The blond haired, blue eyed youth sitting across from the white haired old scientist grinned greedily and snickered.
“Smart. The old prospector took off with the banker’s money and the rock, eh?”
The scientist slipped the stem of his pipe between his lips again and shrugged, clear gray blue eyes of steel looking into the young man’s face.
“Don’t know, really. If the old man left, he forget to take his boots with him. Or the heavy backpack he laid on the floor beside his bed. Or the banker’s money. He was never seen again.”
“Huh,” grunted the young man derisively, “Chickened out, eh?
“In 1975 that same rock shows up in the collection of a colleague of mine. We worked in the Anthropology Department at the University of New Mexico back then. He was ecstatic at finding the artifact in some then undiscovered Aztec site just outside Mexico City a few weeks earlier. After he showed the rock to me and a dozen other colleagues of ours that morning, we made arrangement to have a late supper that very night. He never showed up. Both he and the rock just disappeared. Left his wife of ten years and their two children behind. Left his car still parked in the assigned parking slot at the university. He just . . . disappeared.”

A wiry, cautious, grin cracked half of the young man’s lips back into a derisive little sneer. But in his clear blue eyes was a suggestion of doubt as he glanced at the rock sitting on the coffee table situated between the two of them.
“You . . . you’re not pulling my leg are you? Trying to con me out of my recent discovery? Want the glory and the fame for yourself?”
He white haired, bespectacled old scientist sat in his big comfortable chair, one leg thrown over the other, and smoked his pipe. Didn’t say a word. Just sat in his chair and puffed on the old battered pipe of dark briarwood and watched the young man with his slate gray eyes.
“It’s just a rock! A rock with some squiggly lines caved into it! How the hell could this thing do something to someone?”
A bead or two of sweat appeared on the young man’s forehead. His eyes were glued onto the gray object on the coffee table in some half crazed, half delusional mask of fear mixed in with disbelief.
“Ah, to hell with it. I thought you could help me sell this thing off to some collector or museum. We’d make a tidy little profit. But instead, I think I’ll just get outta here and go down to Phoenix. I know some collectors down there. They’ll jump at a chance to help me!”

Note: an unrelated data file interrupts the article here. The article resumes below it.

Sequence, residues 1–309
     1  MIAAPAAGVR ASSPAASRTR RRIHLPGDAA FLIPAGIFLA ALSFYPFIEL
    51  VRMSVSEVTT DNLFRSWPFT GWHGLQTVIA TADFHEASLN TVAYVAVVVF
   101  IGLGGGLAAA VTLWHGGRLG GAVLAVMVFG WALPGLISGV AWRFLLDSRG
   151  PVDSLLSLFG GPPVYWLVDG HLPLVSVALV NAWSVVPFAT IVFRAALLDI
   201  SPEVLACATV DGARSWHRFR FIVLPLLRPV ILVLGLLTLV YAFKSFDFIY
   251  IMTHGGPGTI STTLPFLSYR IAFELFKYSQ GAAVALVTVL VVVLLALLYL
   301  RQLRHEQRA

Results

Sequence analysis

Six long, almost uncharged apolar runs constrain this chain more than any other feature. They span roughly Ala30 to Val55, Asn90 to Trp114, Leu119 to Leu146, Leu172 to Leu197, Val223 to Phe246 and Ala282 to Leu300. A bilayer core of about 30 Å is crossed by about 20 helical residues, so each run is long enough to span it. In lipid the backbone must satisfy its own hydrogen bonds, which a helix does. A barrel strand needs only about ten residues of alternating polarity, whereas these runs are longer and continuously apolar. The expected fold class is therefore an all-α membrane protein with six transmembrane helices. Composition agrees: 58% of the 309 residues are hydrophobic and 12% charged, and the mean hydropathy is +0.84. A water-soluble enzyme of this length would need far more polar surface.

With that the young man reached out with a hand, swiped the gray rock off the coffee table angrily, and stormed out of the old scientist’s small home in an angry huff.

Two hours later the phone beside the old man’s bed started ringing unrepentantly just a little after two in the morning. It was the county sheriff’s department. A truck driver almost smashed into a bright red BMW 320i convertible sitting in the middle of the highway. Just sitting there not moving. The motor was still running. The car’s headlights staring brightly off into the distance with its high beams, the driver’s side door slung wide open and waiting.
Did he know anything about this? Maybe seen this car drive past his place possibly around midnight?
No. He knew no one who drove such a fancy car living around here. Sorry. Wished he could help. Yes . . . yes. He would come in tomorrow morning and look at the car. Yes . . . yes. Glad to help. Good night, deputy.
Good night.
He rolled over in bed, switched on the light sitting on the nightstand, then picked up the hard object lying motionlessly beside the lamp. A painted rock. With stick figures etched into it’s hard surface.
Fondling it gently, like a father would to a recalcitrant baby unwilling to sleep in the dead of night, he smiled and petted it tenderly on its flat surface.
“There, there, my sweet. No one is going to take you away from Daddy. But you’ve been a bad boy again, haven’t you. Playing mind tricks with the peasants again. We’ve talked about that, you know. Dangerous. Very dangerous. But you’ve had your fun. So let’s get some sleep.”

Good night, my precious. Good night.


B.R. Stateham is a sixty-five year old curmudgeon who never grew up. He’s been writing stories, covering a number of genres, for most of his lifespan. And who knows? Maybe someday he’ll be discovered as the mystery genre’s ‘Next Amazing New Talent!’ Yeah, right.